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Posted on Thu, Feb 16, 2012 : 5:57 a.m.

Assessing the threat level of a stalker to help keep yourself safe

By Rich Kinsey

Read last week's column: Valentine's Day brings out the stalkers

I hope you had a wonderful Valentine's Day and were pleasantly surprised. If however you were unlucky and got a "creepy" Valentine from someone you do not want a relationship with, it is time to deal with it. Now!

When dealing with stalkers it is best to nip it in the bud. End the "relationship" before emotional ties become strong. Tell the person you do not now or in the future want a relationship with him or her. Tell them not to call, write, phone, Facebook, visit, Tweet, e-mail, text or have any contact of any kind.


It's important for victims to assess the threat a stalker presents and act accordingly.

Tatiana Parfenova |

The most common trait of stalkers is they do not take "no" for an answer, and they are very persistent. Most stalkers possess above-average intelligence but are also anything from socially awkward to severely mentally disturbed.

For a victim, it is important to assess the threat a stalker presents and act accordingly. The stalker's actions and past history will guide the victim's response to the threat.

In accessing threat levels the police always look at a stalking suspect's background. A person's past history is a predictor of their future behavior. Past criminal histories of violence, mental health issues, substance abuse issues and fascination with weapons will raise the threat level of a stalker.

Low threats to victims include such activities as information gathering about the victim and repeated nonthreatening attempts to contact the victim. These can take any form of electronic communications, requests for dates or meetings, flowers or gifts left on a victim's car or at their workplace or just "coincidentally" showing up where the victim goes.

If behaviors become uncomfortable for the victim, the victim should tell the person to stop. Victims in this low threat threshold must avoid feeling sorry for the stalker, and under no circumstances should they go on a date or meet with the stalker just "to be nice." Stalkers misinterpret these actions and believe a beautiful relationship is developing.

If the stalker does not stop the behaviors and continues to contact the victim after being warned once, the victim should contact the police. Working as a team with the police, the victim must begin to specifically document the actions of the stalker in order to build a criminal case.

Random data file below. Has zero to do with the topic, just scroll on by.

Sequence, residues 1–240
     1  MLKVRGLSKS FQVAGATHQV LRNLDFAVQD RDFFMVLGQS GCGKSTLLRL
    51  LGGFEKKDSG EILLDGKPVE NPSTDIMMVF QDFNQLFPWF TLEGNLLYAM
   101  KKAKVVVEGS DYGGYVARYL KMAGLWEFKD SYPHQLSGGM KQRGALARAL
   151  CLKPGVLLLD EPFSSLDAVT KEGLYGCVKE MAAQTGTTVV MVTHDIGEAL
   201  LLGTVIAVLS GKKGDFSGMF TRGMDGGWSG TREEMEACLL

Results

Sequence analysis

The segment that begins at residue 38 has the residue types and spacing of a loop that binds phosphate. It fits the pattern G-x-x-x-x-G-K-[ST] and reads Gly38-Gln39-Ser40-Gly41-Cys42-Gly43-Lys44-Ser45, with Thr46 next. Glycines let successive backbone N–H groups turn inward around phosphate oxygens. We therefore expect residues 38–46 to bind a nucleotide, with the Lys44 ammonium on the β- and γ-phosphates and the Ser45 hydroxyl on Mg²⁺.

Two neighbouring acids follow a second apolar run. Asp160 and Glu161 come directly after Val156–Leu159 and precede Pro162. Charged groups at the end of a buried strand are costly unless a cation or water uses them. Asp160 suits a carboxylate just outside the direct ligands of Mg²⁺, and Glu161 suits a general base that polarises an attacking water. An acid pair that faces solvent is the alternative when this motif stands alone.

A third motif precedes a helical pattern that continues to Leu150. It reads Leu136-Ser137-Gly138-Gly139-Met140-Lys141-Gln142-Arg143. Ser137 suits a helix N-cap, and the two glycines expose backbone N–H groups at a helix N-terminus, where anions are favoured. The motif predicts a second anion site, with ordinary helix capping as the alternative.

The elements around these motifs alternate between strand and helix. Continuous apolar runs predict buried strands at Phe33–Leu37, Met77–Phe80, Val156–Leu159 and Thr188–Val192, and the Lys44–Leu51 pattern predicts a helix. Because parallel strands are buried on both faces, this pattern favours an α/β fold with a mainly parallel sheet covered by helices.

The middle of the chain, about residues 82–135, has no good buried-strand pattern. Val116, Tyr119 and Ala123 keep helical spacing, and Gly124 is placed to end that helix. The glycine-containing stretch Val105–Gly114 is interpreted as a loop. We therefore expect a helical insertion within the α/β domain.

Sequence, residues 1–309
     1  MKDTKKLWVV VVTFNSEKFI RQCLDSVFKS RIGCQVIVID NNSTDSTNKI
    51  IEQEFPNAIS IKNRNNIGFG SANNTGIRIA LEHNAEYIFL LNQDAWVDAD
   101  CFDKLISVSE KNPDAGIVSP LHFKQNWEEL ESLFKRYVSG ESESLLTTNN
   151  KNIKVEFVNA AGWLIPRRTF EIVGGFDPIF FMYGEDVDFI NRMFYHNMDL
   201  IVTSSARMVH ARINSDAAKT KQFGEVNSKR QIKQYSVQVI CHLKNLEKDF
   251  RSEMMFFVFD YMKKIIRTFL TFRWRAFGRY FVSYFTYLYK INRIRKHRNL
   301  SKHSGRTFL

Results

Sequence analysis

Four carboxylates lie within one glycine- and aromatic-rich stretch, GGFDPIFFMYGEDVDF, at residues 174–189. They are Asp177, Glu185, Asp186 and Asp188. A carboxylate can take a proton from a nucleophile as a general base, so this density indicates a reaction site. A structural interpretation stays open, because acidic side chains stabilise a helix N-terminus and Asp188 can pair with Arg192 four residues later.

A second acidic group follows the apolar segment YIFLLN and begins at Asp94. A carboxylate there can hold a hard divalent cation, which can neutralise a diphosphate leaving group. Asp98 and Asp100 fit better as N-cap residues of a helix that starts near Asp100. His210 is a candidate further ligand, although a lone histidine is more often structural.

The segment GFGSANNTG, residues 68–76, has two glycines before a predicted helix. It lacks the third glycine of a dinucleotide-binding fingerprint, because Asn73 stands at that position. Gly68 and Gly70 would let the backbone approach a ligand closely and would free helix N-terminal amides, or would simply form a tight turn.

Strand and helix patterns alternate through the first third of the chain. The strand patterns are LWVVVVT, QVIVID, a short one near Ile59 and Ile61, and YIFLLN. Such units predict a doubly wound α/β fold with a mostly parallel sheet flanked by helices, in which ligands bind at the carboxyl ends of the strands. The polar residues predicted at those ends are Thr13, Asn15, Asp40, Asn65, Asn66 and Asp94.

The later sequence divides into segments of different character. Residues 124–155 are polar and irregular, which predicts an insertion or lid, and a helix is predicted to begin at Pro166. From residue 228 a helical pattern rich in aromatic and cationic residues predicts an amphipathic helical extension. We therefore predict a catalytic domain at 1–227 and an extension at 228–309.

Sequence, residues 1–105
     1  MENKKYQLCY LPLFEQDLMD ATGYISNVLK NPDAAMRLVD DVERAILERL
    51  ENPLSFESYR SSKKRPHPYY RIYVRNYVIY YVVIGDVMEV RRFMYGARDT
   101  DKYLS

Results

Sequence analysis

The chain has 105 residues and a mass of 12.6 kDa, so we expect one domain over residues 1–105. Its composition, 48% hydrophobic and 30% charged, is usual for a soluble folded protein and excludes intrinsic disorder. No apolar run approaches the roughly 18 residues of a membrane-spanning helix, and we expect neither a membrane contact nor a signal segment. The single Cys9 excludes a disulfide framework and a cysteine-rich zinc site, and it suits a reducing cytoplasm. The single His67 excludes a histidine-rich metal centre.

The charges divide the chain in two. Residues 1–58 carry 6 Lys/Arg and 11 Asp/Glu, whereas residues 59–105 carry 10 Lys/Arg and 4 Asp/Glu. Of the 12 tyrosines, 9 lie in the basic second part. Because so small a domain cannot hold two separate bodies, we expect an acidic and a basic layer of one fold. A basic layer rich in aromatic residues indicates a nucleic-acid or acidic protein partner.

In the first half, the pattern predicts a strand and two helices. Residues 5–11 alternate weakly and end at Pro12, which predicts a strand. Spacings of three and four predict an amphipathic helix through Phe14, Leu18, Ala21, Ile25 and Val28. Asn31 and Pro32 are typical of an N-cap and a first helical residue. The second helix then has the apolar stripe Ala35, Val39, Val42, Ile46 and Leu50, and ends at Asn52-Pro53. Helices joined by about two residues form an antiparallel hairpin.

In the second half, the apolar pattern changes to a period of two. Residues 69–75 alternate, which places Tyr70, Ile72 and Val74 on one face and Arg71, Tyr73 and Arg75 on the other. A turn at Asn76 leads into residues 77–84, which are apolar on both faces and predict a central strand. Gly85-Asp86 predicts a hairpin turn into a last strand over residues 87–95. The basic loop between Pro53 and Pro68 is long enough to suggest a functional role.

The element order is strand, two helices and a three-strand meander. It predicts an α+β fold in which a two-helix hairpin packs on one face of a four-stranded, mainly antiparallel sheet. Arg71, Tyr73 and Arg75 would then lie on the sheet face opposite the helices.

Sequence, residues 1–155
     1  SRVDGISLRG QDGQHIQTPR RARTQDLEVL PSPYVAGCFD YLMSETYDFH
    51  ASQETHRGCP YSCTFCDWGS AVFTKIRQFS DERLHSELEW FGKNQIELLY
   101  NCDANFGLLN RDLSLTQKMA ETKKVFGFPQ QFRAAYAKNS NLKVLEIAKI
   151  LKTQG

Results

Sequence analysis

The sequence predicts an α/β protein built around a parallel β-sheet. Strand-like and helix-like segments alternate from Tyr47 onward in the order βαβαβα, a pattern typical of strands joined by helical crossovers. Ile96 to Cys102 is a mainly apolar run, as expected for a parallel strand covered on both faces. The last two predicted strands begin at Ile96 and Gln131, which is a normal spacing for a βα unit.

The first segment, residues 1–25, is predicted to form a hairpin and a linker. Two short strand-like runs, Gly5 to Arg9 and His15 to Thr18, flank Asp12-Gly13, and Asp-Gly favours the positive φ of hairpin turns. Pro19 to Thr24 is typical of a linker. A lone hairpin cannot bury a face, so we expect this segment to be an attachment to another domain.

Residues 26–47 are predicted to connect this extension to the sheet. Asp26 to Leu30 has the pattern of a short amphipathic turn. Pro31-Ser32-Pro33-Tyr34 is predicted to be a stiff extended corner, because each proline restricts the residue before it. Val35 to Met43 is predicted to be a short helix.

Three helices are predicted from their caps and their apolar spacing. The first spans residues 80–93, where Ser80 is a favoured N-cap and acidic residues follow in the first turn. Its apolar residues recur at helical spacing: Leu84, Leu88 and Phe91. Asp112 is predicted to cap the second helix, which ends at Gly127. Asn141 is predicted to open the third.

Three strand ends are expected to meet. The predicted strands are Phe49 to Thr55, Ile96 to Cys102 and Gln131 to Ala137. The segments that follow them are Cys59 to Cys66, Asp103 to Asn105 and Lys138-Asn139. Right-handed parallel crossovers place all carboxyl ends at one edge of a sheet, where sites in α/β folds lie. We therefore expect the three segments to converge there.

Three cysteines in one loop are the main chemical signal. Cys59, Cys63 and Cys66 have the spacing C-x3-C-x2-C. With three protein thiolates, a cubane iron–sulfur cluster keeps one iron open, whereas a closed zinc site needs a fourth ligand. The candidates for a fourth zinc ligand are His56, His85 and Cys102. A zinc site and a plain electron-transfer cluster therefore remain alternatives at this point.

The police will ask the victim if the victim wants them to contact the stalker. Many times all it takes is a phone call or a face-to-face encounter with the police for the stalking behaviors to stop.

If the stalker's behaviors do not cease after police contact, the police will encourage the victim to obtain a Personal Protection Order (PPO). To obtain a PPO in Washtenaw County refer to the Sheriff's Office website at: or call the PPO Liaison at 734-222-3001.

Personal Protection Orders are a tool for law enforcement. Once served on an individual, the police can arrest the stalker for violations of the order. Stalking a person in violation of a PPO elevates the crime to "aggravated stalking," which is a felony.

The victim must understand, however, that a PPO is only a piece of paper and cannot physically protect a victim. The victim must realize that they must defend themselves, escape or evade a stalker until they can get to a safe place or the police arrive.

When the stalking behaviors have progressed from the irritating to the frightening, the stalker has moved to a medium threat level. The stalker feels hurt or humiliated by the victim and is enraged. The stalker has moved from a relation-building mode (low) to retaliatory (medium) mode.

Stalking behaviors meeting this threshold include: threatening or intimidating calls or communications; loitering around a victim's home, car or workplace; spreading false information on social networks or to family, friends, employers or even the police.

Stalkers often complain to the police that they are actually the victims of stalking by the victim. The stalker may engage in property destruction. Breaking into the victim's car, slashing tires or breaking into a victim's home while the victim is at work are common behaviors.

Victims must take action to ensure their safety. Prevention and education are essential. The victim must be hyper vigilant. They should lock doors, always carry a charged cell phone, travel with friends when possible, vary their routines, take self-defense classes and consider arming themselves.

Victims must educate family, friends, co-workers, neighbors and even utility providers that they are being stalked. All should know not to divulge any information to anyone about the victim. Utility providers should set up passwords on victims' accounts, because stalkers have been known to make queries "for" the victim to obtain information.

If possible, victims should provide pictures and vehicle descriptions of their stalker, for people helping look out. Those people helping should immediately call the police and victim if the stalker is spotted.

Victims should park their car in a locked garage or somewhere that others can watch it. Motion activated trail cameras or video surveillance can be employed to spot stalkers and record their activities near the victim's home or car.

Victims must also develop plans to move to safe havens if necessary. Family, friends, hotels or women's shelters can be effective safe places. The medium threat has become a high threat at this point.

High threat stalkers are rare and usually involve former intimate or domestic partners. These stalkers are beyond reason and are extremely dangerous. Their behaviors may include leaving dead animals around the victim's home or car, assaulting and attempting to kill the victim.

When there is a high threat, a victim must escape. They must go to their safe place. They must always keep a "go bag" containing cash, prescription medications, clothing, toiletries, cell phone and documentation of the stalking, which includes a copy of the served PPO.

Victims in very extreme cases may be forced to leave their lives and residences and start over with new names. In these rare cases only incarceration or death of the stalker will end the nightmare.